Tackling Overfeeding in Infants and Discovering the Short- and Long-term Effects, Including Obesity

Everyday one passes young infants, seeing within the children many different faces, bodies, and shapes. Some are tiny and skinny; others are pudgy and fat. The pudgy ones often receive labels, such as “marshmallow kid” or “Michelin tire baby”. Meant in fun, the givers of these labels do not know what effects the infant will experience later in life, effects that are much more dangerous than labeling. Overfeeding causes the “marshmallow effect” on the infant. It is necessary for parents to discover what overfeeding entails, what the immediate effects are on their infant, and what long-term effects could occur throughout the infant’s life.

The definition of an overweight infant, as given by C.S. Mott Children’s Hospital, is “a baby who gains weight far out of proportion to his growth in height”(Schmitt B.D.). These infants have the “rolls” on their body or the “marshmallow effect”; this look is not very healthy for these children, even if it does make them look “cute”. These infants can be seen anywhere, and come from many different cultures. An overweight body in an infant is directly connected to overfeeding by the parents.

Hearing a crying or tired infant can cause a parent to turn to the only source of quick comfort- food. When a parent constantly gives an infant food to quiet them, the infant begins to use food as a comforting device, much like teenagers and adults sometimes do. Overfeeding can also entail feeding an infant more than what is recommended by pediatricians. At birth, feeding every two hours is best; every three hours is best from two to six months of age. When the infant reaches six months, switching the child to three meals and two snacks is the best route. Parents should never give a child a bottle of milk or juice to sleep with or carry around; children will learn to rely on these and take in more than they need, simply because they have the means to do so. Increased caloric intake beyond what is necessary is unhealthy. Infants do need a lot of nutrition at this stage of life, but too much can be dangerous.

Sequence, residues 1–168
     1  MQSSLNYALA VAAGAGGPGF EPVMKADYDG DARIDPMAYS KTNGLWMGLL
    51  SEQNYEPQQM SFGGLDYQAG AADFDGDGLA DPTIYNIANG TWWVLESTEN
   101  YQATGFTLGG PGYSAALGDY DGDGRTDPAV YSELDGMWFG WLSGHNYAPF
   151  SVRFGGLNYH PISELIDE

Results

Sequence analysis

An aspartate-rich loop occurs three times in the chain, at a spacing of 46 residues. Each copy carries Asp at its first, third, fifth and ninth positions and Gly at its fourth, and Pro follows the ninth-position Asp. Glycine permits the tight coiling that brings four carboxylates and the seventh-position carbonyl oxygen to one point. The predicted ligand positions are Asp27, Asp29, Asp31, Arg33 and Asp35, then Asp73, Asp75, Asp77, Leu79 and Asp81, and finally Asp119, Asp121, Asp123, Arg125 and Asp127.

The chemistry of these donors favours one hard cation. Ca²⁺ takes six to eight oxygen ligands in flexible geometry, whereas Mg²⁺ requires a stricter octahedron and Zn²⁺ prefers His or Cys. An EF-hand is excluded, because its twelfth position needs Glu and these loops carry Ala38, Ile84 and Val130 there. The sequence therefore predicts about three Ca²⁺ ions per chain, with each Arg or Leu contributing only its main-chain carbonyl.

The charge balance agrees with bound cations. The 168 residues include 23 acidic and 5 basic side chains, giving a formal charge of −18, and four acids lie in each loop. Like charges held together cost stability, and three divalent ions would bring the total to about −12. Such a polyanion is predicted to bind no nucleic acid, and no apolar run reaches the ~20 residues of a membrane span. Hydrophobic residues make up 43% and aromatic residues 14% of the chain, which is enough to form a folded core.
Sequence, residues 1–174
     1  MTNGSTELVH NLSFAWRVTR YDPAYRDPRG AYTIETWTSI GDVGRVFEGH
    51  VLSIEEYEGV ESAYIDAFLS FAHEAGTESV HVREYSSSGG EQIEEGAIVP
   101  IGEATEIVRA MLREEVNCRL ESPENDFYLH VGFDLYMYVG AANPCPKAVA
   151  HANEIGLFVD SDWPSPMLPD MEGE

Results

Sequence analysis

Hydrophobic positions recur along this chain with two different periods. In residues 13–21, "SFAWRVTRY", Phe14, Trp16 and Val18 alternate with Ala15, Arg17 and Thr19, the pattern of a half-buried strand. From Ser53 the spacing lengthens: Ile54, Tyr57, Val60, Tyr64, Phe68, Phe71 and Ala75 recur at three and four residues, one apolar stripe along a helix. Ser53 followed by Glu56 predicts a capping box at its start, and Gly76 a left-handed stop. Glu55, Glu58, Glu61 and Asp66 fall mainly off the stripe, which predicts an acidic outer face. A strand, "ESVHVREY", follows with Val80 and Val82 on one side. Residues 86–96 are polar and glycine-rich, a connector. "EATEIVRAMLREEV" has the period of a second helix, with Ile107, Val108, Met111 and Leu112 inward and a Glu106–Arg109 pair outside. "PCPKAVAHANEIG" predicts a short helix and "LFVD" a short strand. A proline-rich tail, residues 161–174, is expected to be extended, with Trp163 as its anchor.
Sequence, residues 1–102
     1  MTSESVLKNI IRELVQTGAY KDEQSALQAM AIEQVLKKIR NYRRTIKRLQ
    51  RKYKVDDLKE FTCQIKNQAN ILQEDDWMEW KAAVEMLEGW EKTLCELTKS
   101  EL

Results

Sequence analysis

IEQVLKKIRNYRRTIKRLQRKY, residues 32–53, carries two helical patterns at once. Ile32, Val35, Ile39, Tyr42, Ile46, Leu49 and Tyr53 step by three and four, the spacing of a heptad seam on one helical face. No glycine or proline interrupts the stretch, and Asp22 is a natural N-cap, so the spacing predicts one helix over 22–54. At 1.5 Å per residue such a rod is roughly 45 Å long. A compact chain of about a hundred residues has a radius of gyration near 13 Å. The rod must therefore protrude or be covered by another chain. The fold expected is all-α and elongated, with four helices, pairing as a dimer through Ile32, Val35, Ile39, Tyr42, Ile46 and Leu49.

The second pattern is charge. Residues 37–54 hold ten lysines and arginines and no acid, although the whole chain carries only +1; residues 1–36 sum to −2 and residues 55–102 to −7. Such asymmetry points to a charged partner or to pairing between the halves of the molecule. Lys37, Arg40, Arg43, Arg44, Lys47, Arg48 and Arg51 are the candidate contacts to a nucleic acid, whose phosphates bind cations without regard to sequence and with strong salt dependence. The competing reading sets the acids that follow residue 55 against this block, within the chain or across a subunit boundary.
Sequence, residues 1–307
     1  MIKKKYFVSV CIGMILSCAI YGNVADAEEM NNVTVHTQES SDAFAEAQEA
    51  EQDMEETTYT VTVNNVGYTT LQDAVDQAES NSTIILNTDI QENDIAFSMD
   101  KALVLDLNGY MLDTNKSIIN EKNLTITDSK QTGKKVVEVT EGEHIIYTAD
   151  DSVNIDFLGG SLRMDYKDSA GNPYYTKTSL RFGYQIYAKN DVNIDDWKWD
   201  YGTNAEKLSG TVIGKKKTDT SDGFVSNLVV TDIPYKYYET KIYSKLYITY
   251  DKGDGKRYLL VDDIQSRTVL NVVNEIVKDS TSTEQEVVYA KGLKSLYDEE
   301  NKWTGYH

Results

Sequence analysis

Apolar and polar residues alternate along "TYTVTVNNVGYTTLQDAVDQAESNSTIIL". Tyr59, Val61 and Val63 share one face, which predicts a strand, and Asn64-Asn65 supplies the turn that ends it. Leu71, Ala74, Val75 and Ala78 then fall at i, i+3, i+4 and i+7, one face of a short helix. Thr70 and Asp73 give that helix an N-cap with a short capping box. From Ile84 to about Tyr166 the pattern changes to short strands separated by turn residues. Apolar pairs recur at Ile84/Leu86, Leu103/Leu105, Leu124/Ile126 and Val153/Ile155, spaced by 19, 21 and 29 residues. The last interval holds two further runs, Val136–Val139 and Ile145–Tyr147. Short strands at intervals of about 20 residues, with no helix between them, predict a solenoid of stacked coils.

It is easy for a new parent to say that they won’t break these feeding rules; however, the reality is that the temptation to quickly quiet a crying baby in the middle of the night so that the parents can garner more sleep can overcome even the most diligent of parents. Even with the determination to never do it again, parents may turn to that late night bottle more and more simply because it works and allows the parent to go back to bed quicker. During the day when the parent may be too busy to take time out to calm the infant, the parent may give the infant a bottle, figuring that the child is hungry. To some, food is the quickest and easiest solution to quiet tears and screams.

While the effects may not show right away, they can have an effect on the infant later on in life. Children who are overfed as infants have a greater chance of becoming obese as teenagers and adults. With the rising rate of obesity in children on the rise, it is best to try and curb this possibility when the child is very young. By prolonging the introduction of solids or any foods beyond formula until about six months, the parents have the best chance at keeping their child off the obese path at a young age. After the child is eating solids, it is best to keep away sugary foods. Young children do not need these empty calories as a part of their daily nutritional intake. Obesity, however, is the main concern for the future of the infant. Overfeeding can cause the infant to rely on food more constantly than the average child, thus increasing his or her food intake. If unnecessary, sugary foods are added to an infant’s diet, this too can add to the obesity factor.